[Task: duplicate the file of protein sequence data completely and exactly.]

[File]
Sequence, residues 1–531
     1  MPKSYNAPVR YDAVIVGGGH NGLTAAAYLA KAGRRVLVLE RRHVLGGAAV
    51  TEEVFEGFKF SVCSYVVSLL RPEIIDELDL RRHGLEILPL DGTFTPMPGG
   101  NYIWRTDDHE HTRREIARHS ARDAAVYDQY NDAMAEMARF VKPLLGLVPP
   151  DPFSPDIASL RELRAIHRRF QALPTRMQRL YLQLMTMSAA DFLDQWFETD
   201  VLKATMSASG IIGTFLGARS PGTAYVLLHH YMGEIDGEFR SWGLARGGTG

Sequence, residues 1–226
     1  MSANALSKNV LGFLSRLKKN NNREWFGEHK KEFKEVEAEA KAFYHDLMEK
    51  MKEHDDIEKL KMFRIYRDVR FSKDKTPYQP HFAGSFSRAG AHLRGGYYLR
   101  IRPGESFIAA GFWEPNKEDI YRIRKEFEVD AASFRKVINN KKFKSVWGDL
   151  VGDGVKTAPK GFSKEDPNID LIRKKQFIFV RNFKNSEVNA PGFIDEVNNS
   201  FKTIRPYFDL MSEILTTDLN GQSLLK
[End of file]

Sequence, residues 1–531
     1  MPKSYNAPVR YDAVIVGGGH NGLTAAAYLA KAGRRVLVLE RRHVLGGAAV
    51  TEEVFEGFKF SVCSYVVSLL RPEIIDELDL RRHGLEILPL DGTFTPMPGG
   101  NYIWRTDDHE HTRREIARHS ARDAAVYDQY NDAMAEMARF VKPLLGLVPP
   151  DPFSPDIASL RELRAIHRRF QALPTRMQRL YLQLMTMSAA DFLDQWFETD
   201  VLKATMSASG IIGTFLGARS PGTAYVLLHH YMGEIDGEFR SWGLARGGTG

Sequence, residues 1–226
     1  MSANALSKNV LGFLSRLKKN NNREWFGEHK KEFKEVEAEA KAFYHDLMEK
    51  MKEHDDIEKL KMFRIYRDVR FSKDKTPYQP HFAGSFSRAG AHLRGGYYLR
   101  IRPGESFIAA GFWEPNKEDI YRIRKEFEVD AASFRKVINN KKFKSVWGDL
   151  VGDGVKTAPK GFSKEDPNID LIRKKQFIFV RNFKNSEVNA PGFIDEVNNS
   201  FKTIRPYFDL MSEILTTDLN GQSLLK